Retail revolution: Fast fashion disrupts priorities, AI reshapes supply chains


By Dan Mitchell, Global Director- Retail & Consumer Goods, SAS

Shoppers who frequent online “fast-fashion” marketplaces like TEMU and Shein are sending a signal to retailers: One- or two-day shipping may not be the highest priority anymore. So what is critical to shoppers? The rising popularity of these low-cost sites indicates deep discounts and 1-click shopping are more prized and offer less risk, especially for younger shoppers. These marketplaces represent a new platform, new sellers, and new products. If you don’t mind that it may take two weeks to receive your package of steeply discounted holiday twinkle lights, this e-commerce option works.

This e-commerce reality may encourage retailers like Amazon, Target, and Walmart to cut prices in response, and that could trickle down into staffing and service support gaps. This trend may also push established retailers to finally replace aging fulfillment systems and fully embrace initiatives like shorter
demand planning cycles, better forecasting techniques, and price optimisation. If these kinds of fast-fashion discounters have staying power, the pendulum may swing for more established retailers to rethink their assortments for a new balance of quality and low-price merchandise offerings. Boosting fulfillment systems technologies into the cloud not only makes them more agile, the cloud also makes using them easier, more cost-effective, and more secure.

The MGM Resorts cybersecurity breach in September 2023 raised the question: For better security, should click-and-connect systems (like dining, room access, gaming) be separated from other technology systems in a retail environment? The breached organisation can’t just unplug and reset because critical customer data will be lost. Incorporating a data clean room into retail information systems could be the best middle ground as it offers the retailer an option to anonymise and protect customer data from cyber criminals even during a disruption.

AI and analytics applied to customer data help savvy retailers survive the ebb and flow of inflation and other consumer pressures. Deep customer insights allow a retailer to adapt the way they interact with shoppers to strengthen the brand. Even when consumer spending is tight, understanding the customer-specific category needs and wants allows the retailer to shift the strategies around promotions and shopper experience to inspire buying. Look beyond broad-brush shopper insights in favor of long-term planning that focuses on an individual customer’s lifetime value to your enterprise.

Powerful technologies like AI and analytics will observe what’s happening in real-time – shifting consumer trends, sudden market disruptions, insufficient inventory levels – and offer retail and CPG companies complete visibility from supplier to shipping container to a customer’s front porch. Known as a high-velocity supply chain, it will allow an organisation to “see the future” in ways that enable real-time decision-making, avoid serious and costly risks, and keep customers happy and loyal. A high-velocity supply chain offers the kind of transparency that reduces costs, retains and expands the customer base, and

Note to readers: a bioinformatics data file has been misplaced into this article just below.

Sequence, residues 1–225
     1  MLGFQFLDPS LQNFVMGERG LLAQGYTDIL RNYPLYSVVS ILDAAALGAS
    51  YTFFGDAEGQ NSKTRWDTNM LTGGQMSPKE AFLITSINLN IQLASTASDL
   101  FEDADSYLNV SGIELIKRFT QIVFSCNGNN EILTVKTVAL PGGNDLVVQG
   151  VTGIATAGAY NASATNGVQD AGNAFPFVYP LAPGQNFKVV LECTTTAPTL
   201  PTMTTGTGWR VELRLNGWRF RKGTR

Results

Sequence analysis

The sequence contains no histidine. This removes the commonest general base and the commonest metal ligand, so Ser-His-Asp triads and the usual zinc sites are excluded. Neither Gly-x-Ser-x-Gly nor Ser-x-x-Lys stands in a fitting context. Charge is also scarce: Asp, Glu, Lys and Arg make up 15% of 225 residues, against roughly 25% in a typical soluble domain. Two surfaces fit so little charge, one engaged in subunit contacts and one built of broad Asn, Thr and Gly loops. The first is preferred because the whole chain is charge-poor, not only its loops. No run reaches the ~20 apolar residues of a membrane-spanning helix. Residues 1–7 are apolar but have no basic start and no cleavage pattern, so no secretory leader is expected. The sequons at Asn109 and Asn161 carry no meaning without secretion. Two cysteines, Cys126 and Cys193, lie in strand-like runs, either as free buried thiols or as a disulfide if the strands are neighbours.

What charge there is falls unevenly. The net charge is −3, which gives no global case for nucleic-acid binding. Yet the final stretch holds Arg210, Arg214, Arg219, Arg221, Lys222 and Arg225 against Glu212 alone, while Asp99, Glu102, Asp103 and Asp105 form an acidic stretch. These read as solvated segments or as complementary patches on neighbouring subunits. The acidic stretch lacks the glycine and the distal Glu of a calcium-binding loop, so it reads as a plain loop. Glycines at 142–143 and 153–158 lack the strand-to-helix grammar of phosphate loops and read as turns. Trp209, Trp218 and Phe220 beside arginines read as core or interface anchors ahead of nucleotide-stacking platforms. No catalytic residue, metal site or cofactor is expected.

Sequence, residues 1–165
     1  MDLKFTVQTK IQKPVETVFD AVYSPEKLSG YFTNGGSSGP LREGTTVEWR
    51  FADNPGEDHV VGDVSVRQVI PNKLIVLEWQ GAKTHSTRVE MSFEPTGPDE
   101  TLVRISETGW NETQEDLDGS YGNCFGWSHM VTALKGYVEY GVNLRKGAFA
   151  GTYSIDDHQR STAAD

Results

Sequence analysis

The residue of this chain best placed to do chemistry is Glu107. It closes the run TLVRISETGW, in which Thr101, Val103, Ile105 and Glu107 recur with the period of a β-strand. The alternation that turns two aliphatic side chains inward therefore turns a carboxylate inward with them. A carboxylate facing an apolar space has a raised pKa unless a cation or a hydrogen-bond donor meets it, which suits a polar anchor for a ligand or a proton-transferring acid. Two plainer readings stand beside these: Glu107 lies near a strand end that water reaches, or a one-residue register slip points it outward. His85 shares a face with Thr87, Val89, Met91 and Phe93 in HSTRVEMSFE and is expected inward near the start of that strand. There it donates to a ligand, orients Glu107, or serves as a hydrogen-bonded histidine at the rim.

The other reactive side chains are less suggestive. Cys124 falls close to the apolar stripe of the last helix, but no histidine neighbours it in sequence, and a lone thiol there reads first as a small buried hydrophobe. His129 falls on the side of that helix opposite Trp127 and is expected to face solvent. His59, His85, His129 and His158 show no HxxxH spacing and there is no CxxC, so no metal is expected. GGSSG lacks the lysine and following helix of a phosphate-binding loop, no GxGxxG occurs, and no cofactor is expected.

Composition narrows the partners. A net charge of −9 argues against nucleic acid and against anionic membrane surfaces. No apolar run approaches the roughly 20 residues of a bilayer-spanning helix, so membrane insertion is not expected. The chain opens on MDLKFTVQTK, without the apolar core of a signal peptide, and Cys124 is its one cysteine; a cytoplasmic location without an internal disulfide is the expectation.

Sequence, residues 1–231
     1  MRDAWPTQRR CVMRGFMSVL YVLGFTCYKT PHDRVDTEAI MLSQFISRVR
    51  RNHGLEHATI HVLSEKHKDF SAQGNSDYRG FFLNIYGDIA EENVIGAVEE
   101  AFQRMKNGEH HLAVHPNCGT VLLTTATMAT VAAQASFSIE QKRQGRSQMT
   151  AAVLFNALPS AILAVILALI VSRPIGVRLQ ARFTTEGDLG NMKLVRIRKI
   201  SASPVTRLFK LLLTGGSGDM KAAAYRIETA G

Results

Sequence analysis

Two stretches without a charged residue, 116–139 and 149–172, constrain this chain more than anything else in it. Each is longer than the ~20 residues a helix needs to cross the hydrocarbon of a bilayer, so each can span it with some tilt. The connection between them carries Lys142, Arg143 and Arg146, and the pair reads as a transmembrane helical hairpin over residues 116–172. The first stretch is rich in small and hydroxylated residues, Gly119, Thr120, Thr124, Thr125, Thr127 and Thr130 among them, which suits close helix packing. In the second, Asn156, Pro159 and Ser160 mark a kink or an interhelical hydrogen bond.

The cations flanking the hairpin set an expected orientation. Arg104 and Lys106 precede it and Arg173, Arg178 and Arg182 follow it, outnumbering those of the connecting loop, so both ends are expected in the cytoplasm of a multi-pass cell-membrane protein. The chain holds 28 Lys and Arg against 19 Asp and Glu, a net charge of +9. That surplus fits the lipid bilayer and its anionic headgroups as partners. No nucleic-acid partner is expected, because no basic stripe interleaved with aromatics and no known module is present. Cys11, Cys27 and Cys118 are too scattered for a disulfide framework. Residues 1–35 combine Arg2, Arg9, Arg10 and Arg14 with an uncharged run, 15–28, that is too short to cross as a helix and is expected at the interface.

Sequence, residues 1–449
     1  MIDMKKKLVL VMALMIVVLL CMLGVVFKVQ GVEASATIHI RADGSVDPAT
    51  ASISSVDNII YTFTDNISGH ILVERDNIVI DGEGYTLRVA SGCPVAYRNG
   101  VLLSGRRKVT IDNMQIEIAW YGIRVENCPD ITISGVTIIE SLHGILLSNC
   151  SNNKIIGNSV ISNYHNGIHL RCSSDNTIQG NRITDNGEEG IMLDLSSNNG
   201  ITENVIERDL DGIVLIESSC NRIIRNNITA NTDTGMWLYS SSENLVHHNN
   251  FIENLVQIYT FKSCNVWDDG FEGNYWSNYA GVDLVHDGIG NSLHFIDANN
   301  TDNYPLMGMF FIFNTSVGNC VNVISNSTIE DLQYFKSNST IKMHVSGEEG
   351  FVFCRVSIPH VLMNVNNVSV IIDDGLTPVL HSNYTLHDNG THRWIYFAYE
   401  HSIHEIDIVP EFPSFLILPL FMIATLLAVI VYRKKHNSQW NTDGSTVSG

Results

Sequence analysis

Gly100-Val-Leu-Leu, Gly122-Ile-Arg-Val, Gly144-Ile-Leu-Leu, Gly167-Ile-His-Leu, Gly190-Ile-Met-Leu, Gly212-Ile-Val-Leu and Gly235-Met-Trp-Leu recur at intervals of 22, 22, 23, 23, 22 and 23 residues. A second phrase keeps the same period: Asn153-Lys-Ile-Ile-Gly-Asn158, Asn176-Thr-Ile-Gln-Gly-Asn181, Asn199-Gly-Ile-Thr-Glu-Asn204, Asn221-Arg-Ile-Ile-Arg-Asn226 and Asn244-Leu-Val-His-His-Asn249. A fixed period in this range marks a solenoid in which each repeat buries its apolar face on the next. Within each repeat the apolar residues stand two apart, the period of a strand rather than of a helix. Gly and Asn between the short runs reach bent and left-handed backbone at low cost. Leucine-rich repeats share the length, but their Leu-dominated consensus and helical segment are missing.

optimises operations.

Capturing and analyzing real-time data is the first step in creating a high-velocity supply chain. Data can come from current sales, SKUs, cargo ships, rail, ground transportation and distribution centers. Collecting data when disruption happens is also critical whether it’s tracking a hurricane approaching a major port, track failure for trains feeding an essential distribution hub, or draughts that lead to crop failures and materials shortages. Data at the order, line, and SKU levels will be used to refresh forecasts in real time. When coupled with consistent correlation analytics on existing and new data sources, an organisation can produce more accurate results to protect customer loyalty.

This type of meaningful data analysis helps an organisation understand, predict, and remain agile. It allows an organisation to accurately predict whether an item is in or out of stock. And if an item is out of stock at a particular store, the organization can pinpoint where it is anywhere along the supply chain so
a customer’s needs can be met in ways that maintain satisfaction and loyalty.
With inflation and reconfigured global supply chains as perennial headline grabbers, consumer goods companies understanding consumer behavior changes will be more important than ever. It will help organisations get closer to their customers and find ways to personalise offers and drive loyalty. Rapidly evolving technologies like AI, machine learning, and digital twin simulations are important for consumer goods companies to gain these insights and confidently take action.

For example, by merging digital twin capabilities with analytics, a consumer goods company can visualize how its supply chain functions and how it may be affected by unplanned pressures. It helps the organisation anticipate problems and road test plans before they’re rolled out.


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